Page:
Do you have a story to tell or a point to make? In 2018, we want to give an even greater voice to students, parents, teachers, administrators, advocates and others who are trying to improve public education in Tennessee. We’re looking for essays of 500 to 750 words grounded in personal experience.

Whether your piece is finished or you just have an idea to discuss, drop a line to Community Editor Caroline Bauman at cbauman@chalkbeat.org.

But first, check out these top First Person pieces from Tennesseans in 2017:

My high school told me to apply to 100 colleges — and I almost lost myself in the process

“A counselor never tried to determine what the absolute best school for me would be. I wasted a lot of time, money and resources trying to figure that out. And I almost lost myself in the process.” —Anisah Karim     

Why I’m not anxious about where my kids go to school — but do worry about the segregation that surrounds us

“In fact, it will be a good thing for my boys to learn alongside children who are different from them in many ways — that is one advantage they will have that I did not, attending parochial schools in a lily-white suburb.” —Mary Jo Cramb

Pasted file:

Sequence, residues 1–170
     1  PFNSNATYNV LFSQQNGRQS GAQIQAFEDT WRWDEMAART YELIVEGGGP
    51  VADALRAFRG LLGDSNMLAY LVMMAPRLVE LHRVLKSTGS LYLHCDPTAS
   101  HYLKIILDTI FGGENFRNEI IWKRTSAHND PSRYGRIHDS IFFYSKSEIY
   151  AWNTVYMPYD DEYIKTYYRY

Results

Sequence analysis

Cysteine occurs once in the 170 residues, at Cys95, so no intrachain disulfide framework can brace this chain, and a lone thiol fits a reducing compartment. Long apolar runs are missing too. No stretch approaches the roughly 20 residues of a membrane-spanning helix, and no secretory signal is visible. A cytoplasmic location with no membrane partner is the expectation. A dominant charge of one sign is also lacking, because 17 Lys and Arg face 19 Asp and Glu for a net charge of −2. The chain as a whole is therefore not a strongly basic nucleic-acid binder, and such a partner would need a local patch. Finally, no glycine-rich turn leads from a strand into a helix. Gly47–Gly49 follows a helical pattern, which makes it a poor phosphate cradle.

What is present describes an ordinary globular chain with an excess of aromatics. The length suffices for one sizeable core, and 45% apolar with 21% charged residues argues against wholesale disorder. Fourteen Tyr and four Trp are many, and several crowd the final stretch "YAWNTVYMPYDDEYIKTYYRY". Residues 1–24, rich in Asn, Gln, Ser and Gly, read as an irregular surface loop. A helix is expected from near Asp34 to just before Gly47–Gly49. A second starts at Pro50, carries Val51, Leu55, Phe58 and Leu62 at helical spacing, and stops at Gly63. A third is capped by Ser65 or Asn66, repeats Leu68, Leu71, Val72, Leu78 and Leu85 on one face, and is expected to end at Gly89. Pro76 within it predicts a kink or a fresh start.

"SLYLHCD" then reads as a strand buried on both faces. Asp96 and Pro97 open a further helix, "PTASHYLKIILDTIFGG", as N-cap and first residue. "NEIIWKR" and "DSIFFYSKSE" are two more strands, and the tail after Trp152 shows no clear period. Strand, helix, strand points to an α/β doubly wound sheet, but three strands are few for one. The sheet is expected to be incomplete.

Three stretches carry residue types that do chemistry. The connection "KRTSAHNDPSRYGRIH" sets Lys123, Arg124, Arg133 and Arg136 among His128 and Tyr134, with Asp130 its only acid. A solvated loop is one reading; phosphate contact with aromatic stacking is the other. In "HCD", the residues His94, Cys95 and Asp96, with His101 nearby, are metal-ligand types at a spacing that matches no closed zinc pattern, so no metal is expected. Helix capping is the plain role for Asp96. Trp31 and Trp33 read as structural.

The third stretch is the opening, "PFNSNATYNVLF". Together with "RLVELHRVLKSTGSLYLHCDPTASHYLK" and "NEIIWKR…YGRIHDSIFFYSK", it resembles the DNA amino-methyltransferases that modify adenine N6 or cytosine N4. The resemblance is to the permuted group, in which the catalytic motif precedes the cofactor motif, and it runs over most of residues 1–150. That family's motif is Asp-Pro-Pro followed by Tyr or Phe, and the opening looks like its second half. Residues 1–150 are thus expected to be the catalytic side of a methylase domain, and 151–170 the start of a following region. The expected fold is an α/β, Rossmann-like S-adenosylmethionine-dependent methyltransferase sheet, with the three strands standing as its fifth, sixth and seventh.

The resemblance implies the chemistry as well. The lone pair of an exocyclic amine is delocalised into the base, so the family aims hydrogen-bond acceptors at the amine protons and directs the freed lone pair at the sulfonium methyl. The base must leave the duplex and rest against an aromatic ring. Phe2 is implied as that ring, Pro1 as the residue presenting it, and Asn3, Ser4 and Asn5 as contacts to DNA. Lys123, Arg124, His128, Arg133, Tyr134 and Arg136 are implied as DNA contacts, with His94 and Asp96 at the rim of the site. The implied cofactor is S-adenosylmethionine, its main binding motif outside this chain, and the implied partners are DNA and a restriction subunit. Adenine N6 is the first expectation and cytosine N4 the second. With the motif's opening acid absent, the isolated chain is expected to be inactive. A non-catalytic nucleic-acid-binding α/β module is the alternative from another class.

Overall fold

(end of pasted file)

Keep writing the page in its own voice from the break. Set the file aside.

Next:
I covered Tennessee’s ed beat for Chalkbeat. Here’s what I learned.

“Apathy is often cited as a major problem facing education. That’s not the case in Tennessee.” —Grace Tatter

I went viral for walking my students home from school in Memphis. Here’s what got lost in the shuffle.

“When #blacklivesmatter is a controversial statement; when our black male students have a one in three chance of facing jail time; when kids in Memphis raised in the bottom fifth of the socioeconomic bracket have a 2.6 percent chance of climbing to the top fifth — our walking students home does not fix that, either.” —Carl Schneider

I think traditional public schools are the backbone of democracy. My child attends a charter school. Let’s talk.

“It was a complicated choice to make. The dialogue around school choice in Nashville, though, doesn’t often include much nuance — or many voices of parents like me.” —Aidan Hoyal

I grew up near Charlottesville and got a misleading education about Civil War history. Students deserve better.

“In my classroom discussions, the impetus for the Civil War was resigned to a debate over the balance of power between federal and state governments. Slavery was taught as a footnote to the cause of the war.” —Laura Faith Kebede